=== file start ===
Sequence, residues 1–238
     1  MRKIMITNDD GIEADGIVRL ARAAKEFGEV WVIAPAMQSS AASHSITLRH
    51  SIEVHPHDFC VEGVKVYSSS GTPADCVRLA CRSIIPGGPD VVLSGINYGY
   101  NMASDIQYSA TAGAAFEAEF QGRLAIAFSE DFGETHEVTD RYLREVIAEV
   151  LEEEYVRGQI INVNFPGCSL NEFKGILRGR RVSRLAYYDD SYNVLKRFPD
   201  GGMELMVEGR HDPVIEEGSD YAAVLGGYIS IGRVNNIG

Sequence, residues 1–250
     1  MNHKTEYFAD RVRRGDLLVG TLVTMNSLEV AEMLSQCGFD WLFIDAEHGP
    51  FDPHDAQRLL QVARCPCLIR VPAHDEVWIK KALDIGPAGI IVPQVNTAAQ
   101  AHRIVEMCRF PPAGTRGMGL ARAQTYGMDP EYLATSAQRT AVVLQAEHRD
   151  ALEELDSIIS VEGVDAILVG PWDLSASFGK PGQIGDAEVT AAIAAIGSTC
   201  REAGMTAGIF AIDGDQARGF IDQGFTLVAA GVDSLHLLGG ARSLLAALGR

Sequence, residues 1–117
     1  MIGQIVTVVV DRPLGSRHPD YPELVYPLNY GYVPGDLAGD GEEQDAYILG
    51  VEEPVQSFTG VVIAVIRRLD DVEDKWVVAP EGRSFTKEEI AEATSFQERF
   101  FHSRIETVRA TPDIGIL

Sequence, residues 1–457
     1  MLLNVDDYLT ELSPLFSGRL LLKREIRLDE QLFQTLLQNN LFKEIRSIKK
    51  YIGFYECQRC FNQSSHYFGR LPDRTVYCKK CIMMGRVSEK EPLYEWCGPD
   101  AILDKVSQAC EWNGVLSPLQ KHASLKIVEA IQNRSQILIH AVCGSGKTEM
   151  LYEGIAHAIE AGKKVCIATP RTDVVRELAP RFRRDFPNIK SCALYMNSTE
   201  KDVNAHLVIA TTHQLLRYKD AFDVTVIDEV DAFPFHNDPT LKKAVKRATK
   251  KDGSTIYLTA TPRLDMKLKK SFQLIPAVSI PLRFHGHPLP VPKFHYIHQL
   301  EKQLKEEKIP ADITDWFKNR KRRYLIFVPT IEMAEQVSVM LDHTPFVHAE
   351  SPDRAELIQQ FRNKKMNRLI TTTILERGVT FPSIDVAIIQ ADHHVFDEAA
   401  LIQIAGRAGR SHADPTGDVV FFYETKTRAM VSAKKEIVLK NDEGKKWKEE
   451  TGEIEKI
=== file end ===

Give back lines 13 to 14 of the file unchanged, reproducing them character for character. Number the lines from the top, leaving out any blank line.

Sequence, residues 1–117
     1  MIGQIVTVVV DRPLGSRHPD YPELVYPLNY GYVPGDLAGD GEEQDAYILG